Suppose that ${\bf x} \in\mathbb C^n$ is a complex random vector, we know the mean vector and covariance matrix of $\bf x$ are defined as follows: $${\bf m}_{\bf x} = \mathbb{E} ({\bf x}) \\ {\bf C}_{\bf x x} = \mathbb{E} (({\bf x}{\bf m}_{\bf x})({\bf x}{\bf m}_{\bf x})^H)$$ How is 4th order cumulant of a ${\bf \text{complex random vector}}$ such as ${\bf x} \in\mathbb C^n$ defined?

$\begingroup$ You need more information than the expected value and the variance to find the higher cumulants. $\endgroup$– Michael HardyAug 2, 2021 at 2:23

$\begingroup$ I see: Given your way of (incorrectly) using the word "derive", I now suspect you meant to ask how the 4thorder cumulant is defined. $\endgroup$– Michael HardyAug 2, 2021 at 2:45
1 Answer
$\newcommand{\C}{\mathbb C}\newcommand{\ip}[2]{\langle #1,#2\rangle}$First of all, cumulants are defined, rather than derived.
Now, let $X:=\mathbf x$. Suppose $E\X\^m<\infty$ for some natural $m$. Let $Y:=XEX$. Then for the respective characteristic functions $f$ an $g$ of $X$ and $Y$ we have \begin{equation} f(s)=Ee^{i\ip Xs}=e^{i\ip{EX}s}Ee^{i\ip Ys}=e^{i\ip {EX}s}g(s), \end{equation} where $s\in\C^n$ and $\ip st:=\sum_{p=1}^ns_p\overline{t_p}$ for $s=(s_1,\dots,s_n)$ and $t=(t_1,\dots,t_n)$ in $\C^n$.
Then the cumulant of order $m$ of $X$ can be defined as the $m$linear form/tensor on $\C^m$ that is $i^{m}$ times the $m$th derivative $\ell^{(m)}(0)$ at $0\in\C^m$ of the function $\ell:=\ln f$. So, for any $s\in\C^n$, \begin{equation} \ell(s)=\ln f(s)=i\ip{EX}s+\ln g(s) \end{equation} and, for any $a,b,c,d$ in $\C^n$, \begin{equation} g'(s)(a)=i\,E\ip Ya e^{i\ip Ys},\quad g'(0)(a)=0, \end{equation} \begin{equation} g''(s)(a,b)=i^2\,E\ip Ya\ip Yb e^{i\ip Ys}, \end{equation} \begin{equation} g'''(s)(a,b,c)=i^3\,E\ip Ya\ip Yb\ip Yc e^{i\ip Ys}, \end{equation} \begin{equation} g''''(0)(a,b,c,d)=i^4\,E\ip Ya\ip Yb\ip Yc\ip Yd. \end{equation} So, for any $s\in\C^n$ and any $a,b,c,d$ in $\C^n$, \begin{equation} \ell'(s)(a)=\ip{EX}a+\frac1{g(s)}\,g'(s)(a), \end{equation} \begin{equation} \ell''(s)(a,b)=\frac1{g(s)^2}\,g'(s)(a)g'(s)(b)+\frac1{g(s)}\,g''(s)(a,b), \end{equation} \begin{multline*} \ell'''(s)(a,b,c)=\frac2{g(s)^3}\,g'(s)(a)g'(s)(b)g'(s)(c) \\ \frac1{g(s)^2}\,g''(s)(a,c)g'(s)(b)\frac1{g(s)^2}\,g''(s)(b,c)g'(s)(a) \frac1{g(s)^2}\,g''(s)(a,b)g'(s)(c) \\ +\frac1{g(s)}\,g'''(s)(a,b,c), \end{multline*} \begin{multline*} \ell''''(0)(a,b,c,d)= \\ g''(0)(a,c)g'(s)(b,d)g''(0)(a,d)g'(s)(b,c)g''(0)(a,b)g'(s)(c,d) \\ +g''''(0)(a,b,c,d). \end{multline*}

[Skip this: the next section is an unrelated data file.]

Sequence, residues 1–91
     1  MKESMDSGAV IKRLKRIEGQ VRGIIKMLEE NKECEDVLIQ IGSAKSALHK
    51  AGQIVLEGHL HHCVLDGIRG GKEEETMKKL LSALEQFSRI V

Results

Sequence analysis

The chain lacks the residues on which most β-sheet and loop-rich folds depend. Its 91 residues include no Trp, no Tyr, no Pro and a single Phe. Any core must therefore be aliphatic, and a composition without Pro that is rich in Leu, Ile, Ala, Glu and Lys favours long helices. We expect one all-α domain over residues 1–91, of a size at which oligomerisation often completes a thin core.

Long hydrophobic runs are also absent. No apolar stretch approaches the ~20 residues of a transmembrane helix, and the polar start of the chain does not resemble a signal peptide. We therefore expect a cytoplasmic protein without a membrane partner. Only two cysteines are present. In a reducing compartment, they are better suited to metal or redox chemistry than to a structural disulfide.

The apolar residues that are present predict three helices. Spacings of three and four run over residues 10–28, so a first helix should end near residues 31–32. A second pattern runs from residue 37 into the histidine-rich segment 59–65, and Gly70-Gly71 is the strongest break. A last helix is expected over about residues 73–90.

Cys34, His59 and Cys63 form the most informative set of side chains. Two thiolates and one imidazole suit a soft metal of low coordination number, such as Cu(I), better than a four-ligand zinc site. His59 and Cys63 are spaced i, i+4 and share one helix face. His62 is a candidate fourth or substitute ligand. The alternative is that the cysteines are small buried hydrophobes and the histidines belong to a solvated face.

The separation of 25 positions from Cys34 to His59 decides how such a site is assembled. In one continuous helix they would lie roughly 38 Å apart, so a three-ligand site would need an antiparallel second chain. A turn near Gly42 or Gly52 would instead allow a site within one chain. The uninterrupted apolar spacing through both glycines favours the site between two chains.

So, the cumulant of order $4$ of $X$ is the quadrilinear form/tensor on $\C^4$ that is $\ell''''(0)$, and this quadrilinear form is defined by the formula \begin{multline*} \ell''''(0)(a_1,\dots,a_4) =E\prod_{j\in[4]}\ip Y{a_j} \\ \frac12\,\sum_{J\in\binom{[4]}2}E\prod_{j\in J}\ip Y{a_j}\;E\prod_{k\in J^{\mathsf c}}\ip Y{a_k}, \end{multline*} where $a_1,\dots,a_4$ are in $\C^n$, $[4]:=\{1,2,3,4\}$, $J^{\mathsf c}:=[4]\setminus J$, and $\binom{[4]}2$ is the set of all subsets of cardinality $2$ of the set $[4]$.
So, the $n^4$ components of the tensor that is the cumulant of order $4$ of $X$ can be obtained by substituting for $a_1,\dots,a_4$ the standard basis vectors $e_1,\dots,e_n$ of $\C^n$. For instance, letting $(a_1,\dots,a_4)=(e_p,e_q,e_q,e_p)$ for distinct $p$ and $q$ in the set $[n]:=\{1,\dots,n\}$, we see that the $(p,q,q,p)$component of the cumulant tensor is \begin{equation*} EY_p^2Y_q^2EY_p^2\,EY_q^22(EY_pY_q)^2. \end{equation*}

$\begingroup$ Thanks a lot. In this paper, 4th order cumulant of ${\bf z}_g(t)$ is a $L^2 \times L^2$ matrix (equation (3.6)), where $L$ is the number of sensors. Is it correct to define 4th order cumulant of ${\bf z}_g(t)$ as $$ \mathbb{E} \left ( \left({\bf z}_g(t) \otimes {\bf z}^*_g(t)\right ) \left({\bf z}_g(t) \otimes {\bf z}^*_g(t)\right )^H\right )$$ where $\otimes$ is the Kronecker product? $\endgroup$– Milad AAug 2, 2021 at 11:10

$\begingroup$ @MiladA : One can define anything and call it anything. The question is, how reasonable the definition is and on what principle(s) it is based. With your definition, in the case $L=1$, for the "cumulant" we get the fourth absolute moment, which is not what is usually called the fourth "onedimensional" cumulant. $\endgroup$ Aug 2, 2021 at 13:05